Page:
I believe that the motor car is the most significant cultural artefact of the Twentieth century and that its beauty and utility have been badly overlooked. I aim to put this right.

So who am I?

Graham Hoyland standing beside a yellow and black Porsche 911 GT3 RS

Graham Hoyland: ex-BBC producer, Everest climber, author and appreciator of anything with engines, wheels or wings.

My books include “Merlin: The Power Behind the Spitfire, Mosquito and Lancaster“, published by HarperCollins, and others about jet engines and piston engines. I’ve owned and rebuilt around 60 cars, including Ferraris, Porsches and Minis.

So what’s the idea?

“Cars today are almost the exact equivalent of the great Gothic cathedrals; I mean the supreme creation of an era, conceived with passion by unknown artists, and consumed in image if not in usage by a whole population which appropriates them as a purely magical object.”- Roland Barthes

It is hard to overstate the significance of the motor car, a machine that attracted mass worship from humanity and in return granted us our freedom. Roland Barthes’ remark in 1957 touched on the symbolism of the object, but without the car where would we have been for the last century?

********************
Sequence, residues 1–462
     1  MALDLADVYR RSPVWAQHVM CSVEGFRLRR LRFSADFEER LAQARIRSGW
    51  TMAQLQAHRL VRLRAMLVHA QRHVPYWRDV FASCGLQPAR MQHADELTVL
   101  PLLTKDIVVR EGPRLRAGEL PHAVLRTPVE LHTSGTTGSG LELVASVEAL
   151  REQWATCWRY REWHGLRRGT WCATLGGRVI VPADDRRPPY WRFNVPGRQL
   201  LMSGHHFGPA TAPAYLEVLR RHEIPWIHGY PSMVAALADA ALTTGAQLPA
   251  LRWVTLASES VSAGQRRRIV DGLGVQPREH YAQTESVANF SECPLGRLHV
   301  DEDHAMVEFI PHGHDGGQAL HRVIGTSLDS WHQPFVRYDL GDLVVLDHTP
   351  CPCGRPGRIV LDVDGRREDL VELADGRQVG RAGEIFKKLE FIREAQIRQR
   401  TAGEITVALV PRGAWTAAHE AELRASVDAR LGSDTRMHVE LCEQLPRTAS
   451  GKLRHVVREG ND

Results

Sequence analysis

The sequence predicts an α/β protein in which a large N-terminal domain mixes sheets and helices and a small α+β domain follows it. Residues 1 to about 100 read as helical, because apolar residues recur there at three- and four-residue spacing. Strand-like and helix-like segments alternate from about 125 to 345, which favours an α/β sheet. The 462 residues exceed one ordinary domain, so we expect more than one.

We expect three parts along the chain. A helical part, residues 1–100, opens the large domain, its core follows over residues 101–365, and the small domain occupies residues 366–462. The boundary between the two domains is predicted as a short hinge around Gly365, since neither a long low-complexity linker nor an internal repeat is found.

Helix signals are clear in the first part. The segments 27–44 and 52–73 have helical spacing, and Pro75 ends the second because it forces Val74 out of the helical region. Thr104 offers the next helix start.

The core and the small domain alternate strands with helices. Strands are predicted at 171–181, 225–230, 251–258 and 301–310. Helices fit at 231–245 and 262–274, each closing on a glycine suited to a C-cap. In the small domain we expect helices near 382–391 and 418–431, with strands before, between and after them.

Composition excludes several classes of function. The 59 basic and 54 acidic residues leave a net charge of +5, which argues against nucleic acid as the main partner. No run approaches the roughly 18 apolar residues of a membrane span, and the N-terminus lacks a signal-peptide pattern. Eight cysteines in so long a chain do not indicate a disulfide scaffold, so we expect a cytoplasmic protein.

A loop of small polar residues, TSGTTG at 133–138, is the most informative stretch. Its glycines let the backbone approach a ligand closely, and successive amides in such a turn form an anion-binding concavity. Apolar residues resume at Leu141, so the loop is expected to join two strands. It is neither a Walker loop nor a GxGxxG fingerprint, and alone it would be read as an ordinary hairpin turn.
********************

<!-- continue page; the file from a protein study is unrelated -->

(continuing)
Henry Ford remembered the suffocating tedium of life in rural communities, and freedom to travel for city dwellers was restricted to trams and railways. Before the car, we lived in a dark age of isolation, lack of mobility and hopelessness. But now we are overrun with cars and overwhelmed with jammed shopping malls, motorways and cities. How on earth did we get here?

The car now stands at a crossroads of history. General Motors has announced that it will stop building conventional petroleum-burning cars by 2035. Other manufacturers are following suit and the result will be a seismic shift in a multi-billion-dollar industry. Everything will be turned upside down. What’s coming next?

The car has been the supreme consumer product and yet remarkably little has been written about it. Apart from the effusions of the enthusiast’s magazines and websites, there hasn’t been a serious study of the car for a generation.

This website aims to explain the thinking behind cars.